The old man sat under the umbrella of the cafe, shaded from the strong Roman sun. Sipping from the cool ice drink he watched the people go by.

Every day he sat at the same table, in the same chair, facing the same direction. Around him Piazza Navona bustled as it always did. Excited, loud groups of school children ran across the ancient cobbles mixing with bus tours of the ponderous elderly. Teenagers by the fountains took selfies with their phones. Couples sat in each other’s arms, heads resting on shoulders, stealing the occasional kiss.

Piazza Navona looked glorious as it had done for decades. In the centre Bernini’s magnificent Fontana dei Quattro Fiumi, topped with the Obelisk of Domitian, stood proudly, the flowing water glistening in the sun, flanked to the north by La Fontana di Nettuno and to the south by La Fontana del Moro. On the opposite side to the café was the church of Sant’Agnese in Agone, in all its Baroque splendour.

For all its beauty, the locals tended to steer clear of the public square, especially in the summer months when the tourist season was at its peak. Throughout its history, it had never been a calm or peaceful part of the city. Nowadays it was constantly filled from dawn until dusk with busloads of Americans, Japanese, French, British and more. Yet every day the old man came and drank his cappuccino under the shade of the same umbrella.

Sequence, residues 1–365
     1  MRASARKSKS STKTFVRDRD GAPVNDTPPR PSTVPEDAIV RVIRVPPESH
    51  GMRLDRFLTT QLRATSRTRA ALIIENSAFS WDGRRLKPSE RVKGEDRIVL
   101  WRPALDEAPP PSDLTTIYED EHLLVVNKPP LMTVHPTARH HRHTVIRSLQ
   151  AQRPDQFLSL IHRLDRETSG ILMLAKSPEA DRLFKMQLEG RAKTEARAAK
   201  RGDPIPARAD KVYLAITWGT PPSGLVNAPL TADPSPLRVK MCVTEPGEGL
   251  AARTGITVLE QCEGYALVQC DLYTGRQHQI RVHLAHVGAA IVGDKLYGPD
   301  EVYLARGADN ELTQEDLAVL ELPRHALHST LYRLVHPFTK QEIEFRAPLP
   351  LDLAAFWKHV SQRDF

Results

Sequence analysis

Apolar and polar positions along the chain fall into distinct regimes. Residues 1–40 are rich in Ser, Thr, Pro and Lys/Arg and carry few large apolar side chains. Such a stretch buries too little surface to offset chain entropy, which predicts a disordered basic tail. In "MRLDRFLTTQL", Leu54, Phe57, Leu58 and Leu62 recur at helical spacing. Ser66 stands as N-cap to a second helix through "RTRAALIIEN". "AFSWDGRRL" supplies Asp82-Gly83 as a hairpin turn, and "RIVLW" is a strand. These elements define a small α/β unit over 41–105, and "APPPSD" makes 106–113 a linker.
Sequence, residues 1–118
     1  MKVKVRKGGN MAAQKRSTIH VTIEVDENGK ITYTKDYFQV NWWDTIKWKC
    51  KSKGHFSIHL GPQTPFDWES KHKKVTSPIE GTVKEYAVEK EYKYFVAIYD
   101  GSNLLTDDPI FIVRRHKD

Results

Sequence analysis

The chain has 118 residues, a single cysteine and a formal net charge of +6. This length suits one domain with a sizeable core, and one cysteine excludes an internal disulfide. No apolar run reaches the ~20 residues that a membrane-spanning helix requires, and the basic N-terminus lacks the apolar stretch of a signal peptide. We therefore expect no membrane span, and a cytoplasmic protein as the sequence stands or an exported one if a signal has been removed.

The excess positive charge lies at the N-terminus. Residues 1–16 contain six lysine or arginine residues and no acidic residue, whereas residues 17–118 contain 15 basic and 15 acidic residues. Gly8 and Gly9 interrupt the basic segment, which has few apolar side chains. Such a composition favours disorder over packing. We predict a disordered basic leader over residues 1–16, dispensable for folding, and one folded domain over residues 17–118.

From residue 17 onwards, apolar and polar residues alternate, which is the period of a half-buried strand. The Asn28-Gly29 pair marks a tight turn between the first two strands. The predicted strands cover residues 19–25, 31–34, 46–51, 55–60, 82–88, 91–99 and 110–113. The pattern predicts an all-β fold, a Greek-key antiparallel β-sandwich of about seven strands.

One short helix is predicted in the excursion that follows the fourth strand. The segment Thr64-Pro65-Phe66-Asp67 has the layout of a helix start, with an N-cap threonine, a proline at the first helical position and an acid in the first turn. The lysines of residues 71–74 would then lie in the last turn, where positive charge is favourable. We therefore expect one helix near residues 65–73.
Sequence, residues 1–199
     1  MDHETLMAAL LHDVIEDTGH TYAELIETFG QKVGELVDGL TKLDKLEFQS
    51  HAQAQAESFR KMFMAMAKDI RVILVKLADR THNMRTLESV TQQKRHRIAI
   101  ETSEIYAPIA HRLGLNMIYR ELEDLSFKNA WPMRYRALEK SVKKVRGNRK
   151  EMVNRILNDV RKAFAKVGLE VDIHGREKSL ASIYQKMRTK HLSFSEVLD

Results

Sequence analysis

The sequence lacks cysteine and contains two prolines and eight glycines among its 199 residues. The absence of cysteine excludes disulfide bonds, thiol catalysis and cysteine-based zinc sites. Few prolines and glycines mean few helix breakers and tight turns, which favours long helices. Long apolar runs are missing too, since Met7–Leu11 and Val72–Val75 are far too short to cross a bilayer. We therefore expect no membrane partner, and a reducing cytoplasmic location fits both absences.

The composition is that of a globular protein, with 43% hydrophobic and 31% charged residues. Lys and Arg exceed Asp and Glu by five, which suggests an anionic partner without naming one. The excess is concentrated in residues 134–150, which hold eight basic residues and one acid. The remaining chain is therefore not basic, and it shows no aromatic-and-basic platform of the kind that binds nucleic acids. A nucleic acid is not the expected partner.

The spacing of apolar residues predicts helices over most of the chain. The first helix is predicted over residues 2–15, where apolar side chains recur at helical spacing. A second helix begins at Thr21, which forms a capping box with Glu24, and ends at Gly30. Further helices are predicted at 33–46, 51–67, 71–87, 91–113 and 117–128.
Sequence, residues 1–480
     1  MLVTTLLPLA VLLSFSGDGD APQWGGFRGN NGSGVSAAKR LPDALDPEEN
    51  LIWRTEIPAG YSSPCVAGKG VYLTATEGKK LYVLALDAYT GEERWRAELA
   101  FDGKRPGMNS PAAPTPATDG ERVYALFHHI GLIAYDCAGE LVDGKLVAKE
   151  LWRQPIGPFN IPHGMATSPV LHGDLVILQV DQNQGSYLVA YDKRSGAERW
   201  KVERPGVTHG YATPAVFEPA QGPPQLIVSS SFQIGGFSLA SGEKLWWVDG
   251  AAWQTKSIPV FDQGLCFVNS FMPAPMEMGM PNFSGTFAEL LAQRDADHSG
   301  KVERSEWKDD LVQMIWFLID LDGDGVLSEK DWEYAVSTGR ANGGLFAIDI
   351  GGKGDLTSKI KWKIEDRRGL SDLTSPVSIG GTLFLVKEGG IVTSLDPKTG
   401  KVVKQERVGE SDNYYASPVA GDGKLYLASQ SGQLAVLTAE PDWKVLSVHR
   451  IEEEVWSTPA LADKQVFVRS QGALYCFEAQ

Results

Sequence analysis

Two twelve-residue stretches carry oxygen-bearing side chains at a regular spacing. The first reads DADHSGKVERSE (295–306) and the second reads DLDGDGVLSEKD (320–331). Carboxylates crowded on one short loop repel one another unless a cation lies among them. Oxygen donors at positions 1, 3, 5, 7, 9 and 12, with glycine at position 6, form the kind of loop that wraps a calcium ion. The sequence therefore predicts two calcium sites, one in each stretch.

Behind the dark sunglasses and underneath the panama hat it looked like the old man had fallen asleep. But, when the bell in the tower rang at midday he sat up straight, straightened his jacket and shirt and looked to the door on the far side of the square. It opened on cue, as it did every day at the same time.

She strode out across the square. The crowds of people seemed to part in front of her. He marvelled at how effortlessly she glided on the uneven cobbles in her heels. The eyes were hidden behind chic sunglasses, her auburn hair fell from beneath the stylish wide-brimmed hat. Her hips swayed in the tight pencil dress that stopped just below the knee exposing the tanned and toned calves. She was Sophia Loren and Anita Eckberg and Daniella Bianchi all rolled into one. She looked neither left nor right, dining not to cast a glance on the mortals who shared the same space as she.

The old man watched her walk from one end of the piazza to the other until she disappeared from view. The sights and sound of the world resumed. He stood, left his money for the coffee and ambled away.

Tomorrow he would return and take his seat at the same table as he did every day.

Written as part of The A to Z Challenge 2018. Click HERE for more details of the challenge.

Each day in April we will visit a different town or city in the European Union, whose name will begin with the letter of the day – today its Rome in Italy – for a story based on a theme also corresponding to the same letter.

Over the course of the month and 26 stories, we will visit all 28 member countries to complete a farewell tour before Britain leaves the political union next year, touching on the history, politics, culture and people at the heart of Europe.

For a full list of stories and places visited, visit here: THE A TO Z CHALLENGE 2018.

This story was previously posted in a different guise under the title LADY MADONNA.